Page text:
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Publication numberUS8056303 B2
Publication typeGrant
Application numberUS 12/436,622
Publication dateNov 15, 2011
Filing dateMay 6, 2009
Priority dateMay 6, 2009
Also published asCA2702746A1, CA2702746C, US20100281821
Publication number12436622, 436622, US 8056303 B2, US 8056303B2, US-B2-8056303, US8056303 B2, US8056303B2
InventorsRaymond C. Frobosilo
Original AssigneeFrobosilo Raymond C
Export CitationBiBTeX, EndNote, RefMan
External Links: USPTO, USPTO Assignment, Espacenet
Non load-bearing metal wall stud having increased strength
US 8056303 B2
Abstract
A non load-bearing metal wall stud has a sheet metal body with a web, a pair of flanges extending at right angles to the web, a pair of lips, each extending at a right angle from a straight edge of one of the flanges and a pair of skirts each extending at an angle from the straight edge of one of the lips. Knurled channels in the flanges and in the web stiffen the stud further.
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Claims(8)
1. A non load-bearing metal wall stud comprising:
a sheet metal body (10) having a thickness of about 0.013 to 0.032 inches, the sheet metal body having;
a web (12) having a width of about 2 to 6 inches, the web (12) having an inner surface and opposite straight edges;
a pair of flanges (14) each having a width of about 1.00 to 2.00 inches and each extending at a right angle to the web (12) at one of the straight edges of the web (12) and outwardly in the same direction from the inner surface of the web (12), each flange (14) having an inner surface and a straight edge;
a pair of lips (16), each having a width of 0.100 to 0.400 inches and each extending at a right angle from the straight edge of one of the flanges (14) and over the inner surface of the web (12), each of said lips (16) having an inner surface and a straight edge;
a pair of skirts (18) each having a width of about 0.075 to 0.450 inches and each extending at an angle of about 25 to 75 degrees from the straight edge of one of the lips (16), toward the inner surface of the respective flange (14) and over the inner surface of the lip (16), each skirt (18) having an inner surface and a free straight edge and the flange (14), the lip (16) and the skirt (18) together forming a triangle;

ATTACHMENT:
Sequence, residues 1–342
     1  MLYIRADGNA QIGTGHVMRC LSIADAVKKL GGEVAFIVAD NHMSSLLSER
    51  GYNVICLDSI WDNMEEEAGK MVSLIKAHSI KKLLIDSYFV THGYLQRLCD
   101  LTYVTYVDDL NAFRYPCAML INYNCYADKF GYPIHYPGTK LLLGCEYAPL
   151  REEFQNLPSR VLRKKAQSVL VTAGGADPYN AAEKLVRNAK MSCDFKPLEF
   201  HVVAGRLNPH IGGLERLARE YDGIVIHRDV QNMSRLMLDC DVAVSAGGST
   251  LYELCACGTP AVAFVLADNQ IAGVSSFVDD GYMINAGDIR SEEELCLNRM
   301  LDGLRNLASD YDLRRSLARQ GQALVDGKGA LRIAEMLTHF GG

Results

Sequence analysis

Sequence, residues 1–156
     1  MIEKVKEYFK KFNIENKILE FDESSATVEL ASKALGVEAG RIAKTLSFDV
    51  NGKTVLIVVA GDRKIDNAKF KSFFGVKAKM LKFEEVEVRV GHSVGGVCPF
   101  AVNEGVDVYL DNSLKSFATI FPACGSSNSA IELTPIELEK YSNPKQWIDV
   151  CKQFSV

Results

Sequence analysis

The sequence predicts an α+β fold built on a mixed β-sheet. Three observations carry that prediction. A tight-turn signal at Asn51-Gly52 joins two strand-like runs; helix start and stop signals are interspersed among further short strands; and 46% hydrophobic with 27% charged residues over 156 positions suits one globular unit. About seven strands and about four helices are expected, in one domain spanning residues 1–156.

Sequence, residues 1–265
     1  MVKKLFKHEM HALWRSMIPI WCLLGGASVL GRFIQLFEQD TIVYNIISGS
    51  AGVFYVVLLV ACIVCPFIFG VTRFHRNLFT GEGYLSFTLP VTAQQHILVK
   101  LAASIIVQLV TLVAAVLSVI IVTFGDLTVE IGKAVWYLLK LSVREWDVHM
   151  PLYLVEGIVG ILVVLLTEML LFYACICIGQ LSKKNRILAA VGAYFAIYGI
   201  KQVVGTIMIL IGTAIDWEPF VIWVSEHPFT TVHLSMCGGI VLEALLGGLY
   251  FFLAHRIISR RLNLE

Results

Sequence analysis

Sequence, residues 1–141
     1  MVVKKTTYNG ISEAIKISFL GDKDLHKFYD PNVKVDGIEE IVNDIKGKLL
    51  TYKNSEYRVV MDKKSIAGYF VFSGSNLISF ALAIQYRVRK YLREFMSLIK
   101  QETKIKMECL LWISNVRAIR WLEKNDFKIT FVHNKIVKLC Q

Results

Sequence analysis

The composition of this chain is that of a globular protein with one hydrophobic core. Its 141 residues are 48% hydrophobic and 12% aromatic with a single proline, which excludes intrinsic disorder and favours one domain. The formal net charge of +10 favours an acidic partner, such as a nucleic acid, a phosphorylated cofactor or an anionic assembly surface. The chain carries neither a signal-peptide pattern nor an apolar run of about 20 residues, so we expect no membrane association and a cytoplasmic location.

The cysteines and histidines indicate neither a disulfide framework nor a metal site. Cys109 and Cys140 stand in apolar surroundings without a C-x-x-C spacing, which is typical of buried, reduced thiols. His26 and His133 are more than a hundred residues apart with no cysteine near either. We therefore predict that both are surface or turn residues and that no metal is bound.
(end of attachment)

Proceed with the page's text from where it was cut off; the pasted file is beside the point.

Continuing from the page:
the free straight edge of the skirt (18) being substantially in contact with the inner surface of the flange (14) to increase an overall deflection resisting strength of the stud;
the connections between the web (12) and the pair of flanges (14), and between the flanges (14) and the lips (16), and between the lips (16) and skirts (18), each being a radius bend in the sheet metal body of about 0.020 to 0.040 inches;
a plurality of parallel channels (20) forming a knurling in the flange, said knurling extends substantially entirely across a width of each flange, a channel (20) closest to the lip (16) being deeper (D1) than remaining channels (D2) in the knurling so that the deeper channel cooperates with the skirt (18) to increase an overall deflection resisting strength of the stud; and
a plurality of parallel channels (20) formed in the web (12) and centered in a group on the web, the group being about 0.400 to 0.800 inches wide;
the web (12) including a central plateau on which the centered group of channels (20) are disposed, the central plateau being formed of steps (13) each of width (H) of about 0.030 to 0.060 inches and each spaced by a distance (J) of about 0.020 to 0.050 inches from the nearest flange (14) and having a step angle (C) of about 100 to 160 degrees.
2. The metal wall stud of claim 1, wherein said sheet metal body (10) has a thickness of about 0.015 to 0.030 inches and is made of steel having a tensile strength of about 33 to 45 Ksi.